If you've read why you don't own your digital books anymore, you're probably not shocked to learn—unlike one unfortunate Kindle owner—if your Amazon account is suspended, your Kindle loses half its functionality.
Ian had a bad habit of returning stuff too often, according to Amazon, so they suspended his account. When he went online to manage his Kindle, he couldn't get access. Then, he discovered he couldn't even buy new books—half of the reason the Kindle is a superior ebook reader is the fact you can download any book, anytime, anywhere—leaving him with a semi-bricked device.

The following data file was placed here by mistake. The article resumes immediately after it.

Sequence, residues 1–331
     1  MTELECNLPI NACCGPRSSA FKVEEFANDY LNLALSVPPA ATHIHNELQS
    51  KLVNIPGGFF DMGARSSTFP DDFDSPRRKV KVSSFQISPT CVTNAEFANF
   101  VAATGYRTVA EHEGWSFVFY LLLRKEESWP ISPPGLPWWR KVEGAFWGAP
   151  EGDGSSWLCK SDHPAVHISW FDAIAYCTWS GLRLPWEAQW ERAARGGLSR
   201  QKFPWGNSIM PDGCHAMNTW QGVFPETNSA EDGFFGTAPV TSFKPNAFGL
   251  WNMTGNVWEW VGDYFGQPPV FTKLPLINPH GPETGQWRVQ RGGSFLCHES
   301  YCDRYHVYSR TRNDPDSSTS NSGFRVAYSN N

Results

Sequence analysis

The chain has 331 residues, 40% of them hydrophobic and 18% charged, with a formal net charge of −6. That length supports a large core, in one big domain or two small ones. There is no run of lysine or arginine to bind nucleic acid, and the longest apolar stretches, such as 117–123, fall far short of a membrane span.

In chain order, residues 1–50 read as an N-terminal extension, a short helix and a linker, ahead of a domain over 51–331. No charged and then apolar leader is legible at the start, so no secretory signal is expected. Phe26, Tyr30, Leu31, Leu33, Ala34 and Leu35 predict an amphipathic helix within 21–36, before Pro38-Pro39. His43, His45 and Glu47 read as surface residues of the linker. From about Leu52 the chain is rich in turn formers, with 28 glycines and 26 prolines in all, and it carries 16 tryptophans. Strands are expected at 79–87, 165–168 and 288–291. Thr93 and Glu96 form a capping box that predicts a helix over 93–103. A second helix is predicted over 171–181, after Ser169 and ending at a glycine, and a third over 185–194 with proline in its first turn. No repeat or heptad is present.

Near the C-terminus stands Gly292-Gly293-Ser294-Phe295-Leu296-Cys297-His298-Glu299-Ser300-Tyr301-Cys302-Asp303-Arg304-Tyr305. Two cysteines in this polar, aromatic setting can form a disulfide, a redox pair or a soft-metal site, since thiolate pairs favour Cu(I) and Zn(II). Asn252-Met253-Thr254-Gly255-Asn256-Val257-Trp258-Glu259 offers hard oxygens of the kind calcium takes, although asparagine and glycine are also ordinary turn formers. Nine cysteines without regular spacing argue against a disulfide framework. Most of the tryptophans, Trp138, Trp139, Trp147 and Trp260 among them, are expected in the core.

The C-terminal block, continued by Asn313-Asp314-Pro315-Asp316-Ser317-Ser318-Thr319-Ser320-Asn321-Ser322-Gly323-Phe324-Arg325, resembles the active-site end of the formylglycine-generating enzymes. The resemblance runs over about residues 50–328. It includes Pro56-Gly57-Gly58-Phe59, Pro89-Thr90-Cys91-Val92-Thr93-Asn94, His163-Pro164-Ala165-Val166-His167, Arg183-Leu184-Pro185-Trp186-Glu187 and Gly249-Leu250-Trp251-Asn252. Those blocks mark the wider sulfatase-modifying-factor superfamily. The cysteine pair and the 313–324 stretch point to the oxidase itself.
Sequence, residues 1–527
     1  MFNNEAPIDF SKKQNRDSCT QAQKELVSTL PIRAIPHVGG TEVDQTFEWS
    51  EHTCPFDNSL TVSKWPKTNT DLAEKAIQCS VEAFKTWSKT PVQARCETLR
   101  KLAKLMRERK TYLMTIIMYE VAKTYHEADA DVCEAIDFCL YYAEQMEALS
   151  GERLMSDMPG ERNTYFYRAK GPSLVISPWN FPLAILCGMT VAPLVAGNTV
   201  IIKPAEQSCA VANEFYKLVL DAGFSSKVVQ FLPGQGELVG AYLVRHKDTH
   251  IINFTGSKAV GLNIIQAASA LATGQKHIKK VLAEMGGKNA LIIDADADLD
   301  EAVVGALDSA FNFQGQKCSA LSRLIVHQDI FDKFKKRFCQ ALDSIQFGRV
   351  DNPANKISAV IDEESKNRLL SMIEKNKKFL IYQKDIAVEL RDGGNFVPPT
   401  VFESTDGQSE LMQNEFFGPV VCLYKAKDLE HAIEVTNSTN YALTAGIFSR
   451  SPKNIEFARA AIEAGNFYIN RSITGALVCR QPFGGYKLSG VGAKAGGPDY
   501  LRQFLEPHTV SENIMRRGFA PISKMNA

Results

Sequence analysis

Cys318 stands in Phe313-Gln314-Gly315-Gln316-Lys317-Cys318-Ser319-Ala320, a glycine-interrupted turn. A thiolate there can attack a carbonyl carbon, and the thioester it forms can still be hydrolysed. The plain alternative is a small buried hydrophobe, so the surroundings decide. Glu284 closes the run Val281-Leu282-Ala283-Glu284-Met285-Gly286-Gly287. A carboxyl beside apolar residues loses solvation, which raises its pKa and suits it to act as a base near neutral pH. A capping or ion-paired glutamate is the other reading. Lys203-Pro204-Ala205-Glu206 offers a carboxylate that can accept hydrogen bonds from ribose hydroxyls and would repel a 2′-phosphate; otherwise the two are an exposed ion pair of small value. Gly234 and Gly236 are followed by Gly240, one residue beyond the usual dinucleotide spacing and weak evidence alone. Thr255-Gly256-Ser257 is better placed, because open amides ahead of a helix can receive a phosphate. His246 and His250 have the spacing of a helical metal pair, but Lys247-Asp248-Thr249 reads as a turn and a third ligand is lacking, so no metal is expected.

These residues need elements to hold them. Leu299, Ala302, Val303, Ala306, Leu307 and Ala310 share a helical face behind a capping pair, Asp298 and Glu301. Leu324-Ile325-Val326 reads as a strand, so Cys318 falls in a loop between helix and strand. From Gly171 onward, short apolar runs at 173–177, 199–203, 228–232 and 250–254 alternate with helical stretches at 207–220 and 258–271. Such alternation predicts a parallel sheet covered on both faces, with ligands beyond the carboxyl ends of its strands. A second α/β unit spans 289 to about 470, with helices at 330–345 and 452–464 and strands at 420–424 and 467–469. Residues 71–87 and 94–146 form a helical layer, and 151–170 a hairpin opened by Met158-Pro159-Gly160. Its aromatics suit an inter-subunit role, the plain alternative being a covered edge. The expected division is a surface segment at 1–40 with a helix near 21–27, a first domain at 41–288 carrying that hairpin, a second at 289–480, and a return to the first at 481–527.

Ian did manage to successfully appeal to the benevolent gods of Amazon, explaining it was only defective merchandise he sent back, and got his account reinstated. With the warning that they could kick him out again at any time if his return rate goes back up.
That's a pretty excellent threat, I have to say: If you don't keep the broken merchandise we send you, we're going to remotely break your $US359 reader. Ah, life in the digital age. I guess that's the karmic balance to rampant file-sharing: We don't actually own anything we buy anymore. [Mobileread and ChannelWeb via Consumerist]